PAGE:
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The authors have declared that no competing interests exist.

Post-transcriptional regulation of gene expression plays a crucial role in many bacterial pathways. In particular, the translation of mRNA can be regulated by trans-acting, small, non-coding RNAs (sRNAs) or mRNA-binding proteins, each of which has been successfully treated theoretically using two-component models. An important system that includes a combination of these modes of post-transcriptional regulation is the Colicin E2 system. DNA damage, by triggering the SOS response, leads to the heterogeneous expression of the Colicin E2 operon including the

Gene expression is a fundamental biological process, in which living cells use genetic information to synthesize functional products like proteins. To control this process, cells make use of many different mechanisms. A well-studied example is the binding of expression intermediates by a cellular component in order to delay the synthesis. This mechanism is known to regulate the stress-induced release of the toxin colicin E2 by

Regulation of gene expression occurs at transcriptional and post-transcriptional levels, and has been studied intensively both experimentally and theoretically [

Colicins are toxic proteins produced by certain

The interaction scheme is a generalized adaption of that presented by Yang [

Other elements: _{sos}: SOS promoter; _{1} and _{2}: transcriptional terminators.

Each of the three components is encoded by a single gene—the colicin by _{1} and _{2}, located upstream and downstream of the

Post-transcriptional regulation makes use of many different mechanisms. Recent studies emphasize the particular importance of non-coding sRNAs [

The basic interaction network that controls the ColE2 regulatory network has been studied in great detail in previous works [

M,A,S: molecule numbers of free long mRNA, free CsrA dimers and the free effective sRNA; _{S} were simplified to the dynamics of an effective sRNA with one CsrA binding site but N-times higher production rate (

For our theoretical analysis, we initially developed a detailed mathematical model for the post-transcriptional regulation of colicin E2 release. To this end, we derived a set of coupled, deterministic rate equations from the interaction network depicted in

As we wished to study the post-transcriptional regulation of colicin E2 expression, we included in the model only those components that are relevant at that stage. The model therefore omits the short mRNA and its products. However, the rate of transcription of the long mRNA is a crucial parameter, which is influenced by the kinetics of activation of the SOS promoter, and thus by the processing of its repressor LexA. Upon DNA damage, RecA promotes auto-cleavage of LexA dimers, thus removing inhibition of the SOS response (marked in red in _{M} (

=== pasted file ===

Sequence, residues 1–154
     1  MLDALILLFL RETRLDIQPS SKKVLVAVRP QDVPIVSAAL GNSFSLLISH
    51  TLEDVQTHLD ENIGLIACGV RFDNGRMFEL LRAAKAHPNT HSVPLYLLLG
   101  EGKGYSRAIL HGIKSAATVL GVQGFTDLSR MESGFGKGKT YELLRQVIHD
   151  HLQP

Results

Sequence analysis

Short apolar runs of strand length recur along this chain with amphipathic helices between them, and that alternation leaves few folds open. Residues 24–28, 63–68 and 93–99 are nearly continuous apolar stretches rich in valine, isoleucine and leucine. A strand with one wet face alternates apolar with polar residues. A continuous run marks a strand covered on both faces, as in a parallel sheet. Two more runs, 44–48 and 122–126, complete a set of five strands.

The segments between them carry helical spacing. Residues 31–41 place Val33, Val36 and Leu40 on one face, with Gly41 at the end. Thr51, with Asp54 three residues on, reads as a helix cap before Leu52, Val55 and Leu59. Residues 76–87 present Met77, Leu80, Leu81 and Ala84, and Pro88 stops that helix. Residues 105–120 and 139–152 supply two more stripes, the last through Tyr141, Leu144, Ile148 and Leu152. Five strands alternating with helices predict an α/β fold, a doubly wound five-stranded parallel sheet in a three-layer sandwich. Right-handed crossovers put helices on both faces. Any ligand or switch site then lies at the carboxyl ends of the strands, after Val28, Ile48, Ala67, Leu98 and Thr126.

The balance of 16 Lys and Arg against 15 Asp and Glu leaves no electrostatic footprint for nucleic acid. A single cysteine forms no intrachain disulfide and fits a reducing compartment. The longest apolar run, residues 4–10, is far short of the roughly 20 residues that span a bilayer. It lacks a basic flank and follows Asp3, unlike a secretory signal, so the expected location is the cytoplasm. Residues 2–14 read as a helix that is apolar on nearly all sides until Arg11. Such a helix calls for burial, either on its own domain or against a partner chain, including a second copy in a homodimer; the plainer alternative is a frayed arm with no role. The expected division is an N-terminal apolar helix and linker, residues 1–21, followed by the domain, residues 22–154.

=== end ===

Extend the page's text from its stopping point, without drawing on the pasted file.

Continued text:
CsrB and CsrC regulate CsrA by forming complexes with it. The two sRNAs each have several (on average: _{S} (see _{M}) and (1 − _{S}) are the probabilities for CsrA to survive the coupled degradation. A graphical illustration of this differential equation system is depicted in

For the analysis of our model, we had to determine production, degradation and binding rates. The particular values used are listed in

We analyzed the reduced post-transcriptional model by first calculating its steady state. In order to obtain a cleaner and simpler result, we derived an approximation (see _{M}) and sRNA (_{S}) on the levels of the three components. The results (see

The stationary solutions are given as a function of the effective transcription rate _{M} of long mRNA and the production rate _{S} of sRNA.

The production rate of CsrA dimers was set to _{A} = 58.52. All other system parameters are given in _{M} and _{S} below the threshold, the abundances of free long mRNA and sRNA are zero, as any newly produced component quickly forms a complex with the highly abundant CsrA. At sufficiently large production or transcription rates, sRNA and long mRNA titrate all available CsrA molecules and can thus attain non-zero molecule numbers, The white line gives the transition between two approximate analytical solutions (

From the aforementioned analytic solution we calculated the threshold position as a function of the system parameters (_{A} is equal to the sum of transcription rates for long mRNA _{M} and sRNA _{S} (_{M} + _{S} < _{A}, as shown in Figs

The fluctuations are quantified by the Fano factor (see main text) and depicted as heatmap in the plot. They are most pronounced at the threshold, and fade for parameter sets above the threshold. With an increase in sRNA production (_{S}), the fluctuations become smaller and more localized to the threshold. This illustrates how the third component sRNA acts as a means to reduce intrinsic fluctuations. The production rate of CsrA dimers was again set to _{A} = 58.52, and all other system parameters are given in